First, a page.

Thanksgiving is by far my favorite holiday of the year. It’s the only holiday that seems to exist for the sole purpose of bringing the family together over fantastic food. There’s no pressure of gifts, which makes it an easy-going holiday. Our family Thanksgiving is always held at my aunt and uncle’s house. They seem to have the space to accommodate a gathering of about anywhere between fourteen and twenty. We do a potluck style feast, which in my family, is a fantastic way of doing things as we have a family full of talented cooks, including my cousin who is one of the chefs and part owner of Sons & Daughters in San Francisco, recent winners of the Restaurant of the Year award for Eater SF.
This year, I was in charge of the bread. I thought the easy choice would be to bring Naan, as many of my family members enjoy our Indian cooking. However, I was inspired to try the muffin recipes I’ve had dog-eared in one of my favorite cookbooks “How To Cook Everything Vegetarian” by Mark Bittman. This book seems to be my go-to guide for breads. From biscuits to waffles and everything in between. One of the things I love about Bittman’s book is how he gives variations for almost every one of his recipes.
When looking up what muffins to make for example, you get the basic recipe of just flour, butter and a bit of sugar. But then he also gives you flavored muffins, such as pairing cinnamon with blueberry and lemon, or orange zest with cranberries. Prefer a light and fluffy muffin? There’s a variation for folding in whisked egg whites for a pillow-soft bite. If you need something denser and a bit sour, there are variations for yogurt and sour cream muffins.
It was hard to choose the right muffin to make and I was certainly tempted to try them all to find my favorite. However, I try to limit my all-out efforts to try every combination during recipe testing to only once a week and as I had just done this with my recent chocolate cake recipe, I decided to pick only one.
Cranberries seemed like a good idea for a Thanksgiving themed muffin, and the flavor in the yogurt muffins sounded alluring as well. However I ended up going with good ol’ plain muffins since it would make the best accompaniment for mopping up gravy and allowing the other flavors to shine.
These muffins are wonderfully easy. The batter takes less than ten minutes and though the recipe said to bake them for twenty to thirty minutes, mine were done in twenty and the second batch only took fifteen.
If you make these in regular sized muffin tins this recipe will get you anywhere between eight to twelve muffins, depending on how much you fill each of the tins. However, I think muffins can often be too large and sometimes people are shy about wanting to cut a muffin in half. Instead of making full sized muffins, I dug out my mother’s mini muffin tray. I borrowed this tiny tray about five months back, thinking it was just adorable. She’ll probably never see her mini tins again as I am now in love with mini baking. The petite size of these muffins is irresistible, only about three or four bites worth. Just enough to enjoy a treat without the guilt…especially if you’re dieting between the holidays.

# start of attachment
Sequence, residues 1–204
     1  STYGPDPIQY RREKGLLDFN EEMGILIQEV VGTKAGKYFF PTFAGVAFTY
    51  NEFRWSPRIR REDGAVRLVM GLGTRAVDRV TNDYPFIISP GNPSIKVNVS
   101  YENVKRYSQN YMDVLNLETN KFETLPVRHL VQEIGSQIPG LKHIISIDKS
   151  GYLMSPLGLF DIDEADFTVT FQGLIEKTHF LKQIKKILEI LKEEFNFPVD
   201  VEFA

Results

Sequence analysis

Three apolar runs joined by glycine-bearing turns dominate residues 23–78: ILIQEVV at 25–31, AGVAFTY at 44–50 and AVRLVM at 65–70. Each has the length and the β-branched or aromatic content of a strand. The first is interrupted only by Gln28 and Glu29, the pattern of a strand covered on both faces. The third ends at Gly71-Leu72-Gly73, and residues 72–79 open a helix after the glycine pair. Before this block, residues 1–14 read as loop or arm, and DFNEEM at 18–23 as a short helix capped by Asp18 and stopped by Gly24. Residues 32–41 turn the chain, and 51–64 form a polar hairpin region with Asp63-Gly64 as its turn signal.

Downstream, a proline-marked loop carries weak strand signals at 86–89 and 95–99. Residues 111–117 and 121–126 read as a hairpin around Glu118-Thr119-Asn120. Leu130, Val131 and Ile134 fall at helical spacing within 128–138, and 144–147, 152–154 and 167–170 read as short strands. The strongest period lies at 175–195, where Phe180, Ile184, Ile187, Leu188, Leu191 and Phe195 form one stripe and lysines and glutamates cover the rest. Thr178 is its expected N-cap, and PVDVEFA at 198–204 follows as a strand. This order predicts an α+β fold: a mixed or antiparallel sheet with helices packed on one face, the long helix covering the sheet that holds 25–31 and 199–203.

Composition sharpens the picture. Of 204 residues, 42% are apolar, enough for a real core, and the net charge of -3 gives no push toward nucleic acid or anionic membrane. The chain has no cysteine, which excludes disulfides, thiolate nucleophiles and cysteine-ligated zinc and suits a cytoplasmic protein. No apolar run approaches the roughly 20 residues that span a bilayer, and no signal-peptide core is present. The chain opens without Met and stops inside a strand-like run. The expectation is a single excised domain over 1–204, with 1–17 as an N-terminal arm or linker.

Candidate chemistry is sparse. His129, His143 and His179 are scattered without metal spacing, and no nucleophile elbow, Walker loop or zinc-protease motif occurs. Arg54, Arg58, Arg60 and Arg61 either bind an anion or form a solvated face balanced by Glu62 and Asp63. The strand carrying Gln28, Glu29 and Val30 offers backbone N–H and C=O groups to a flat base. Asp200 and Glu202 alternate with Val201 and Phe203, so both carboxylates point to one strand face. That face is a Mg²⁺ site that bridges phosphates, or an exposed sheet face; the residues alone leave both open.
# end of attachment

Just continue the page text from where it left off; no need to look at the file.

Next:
These muffins are at their best when served straight out of the oven. They are slightly sweet but subtle. You can adjust the sugar to your own tastes as you like. I made a batch of 30 mini muffins the night before Thanksgiving and left them on the kitchen counter in an air tight container for safe keeping. When I awoke Thanksgiving morning, there were only three muffins left. It would have been wise to label them “Don’t Eat…for Thanksgiving”. But as they are so quick and easy, I whipped up another batch for the big dinner.
adapted from Mark Bittman’s “How To Cook Everything Vegetarian”
~ these basic muffins make the perfect edition to any meal~
Servings: 8 large muffins or 12 medium muffins. Makes 31 mini muffins.
- 10 minutes of prep
- 15-30 minutes baking depending on the size of the muffins (see instructions).
2 mixing bowls
a mixing spoon or rubber spatula
muffin pan or two ~ make mini muffins in 2 mini cupcake pans
3 tablespoons melted butter
2 cups all-purpose flour
1/3 cup sugar
3 teaspoons baking powder
1/2 teaspoon salt
1 cup milk
1. Preheat the oven to 400-degrees F. Spray the muffin pan(s) with cooking spray and set aside.
2. Melt the butter on the stove over medium heat until it is completely liquid but does not turn brown.
3. Combine the 2 cups flour, 1/3 cup sugar, 3 tsp. baking powder and 1/2 tsp. salt in a bowl and stir to mix the ingredients together.
4. Whisk together the egg and 1 cup milk, then pour the melted butter into the egg and milk mixture and whisk.
5. Pour a third of the wet mixture into the dry mixture and gently stir till incorporated, making an effort not to over mix, which means stir the mixture only three or four times until the dry ingredients soak up most of the wet, then add another third of the wet mixture and repeat until all the wet mixture has been added. The mixture should come out lumpy and moist, dropping from the mixing spoon in thick globs. The lumpy mixture helps create a fluffy texture when the muffins are baked.
6. Spoon the batter into the muffins tins. Fill each tin 2/3 full. If there are any empty muffin tins, fill them 2/3 full with water. Bake for 20-30 minutes or if you are making mini muffins, only about 15-20 minutes. The muffins are done when you insert a toothpick into the center and it comes out clean.
7. Let cool in pan for only one minute and then turn onto a cooling rack.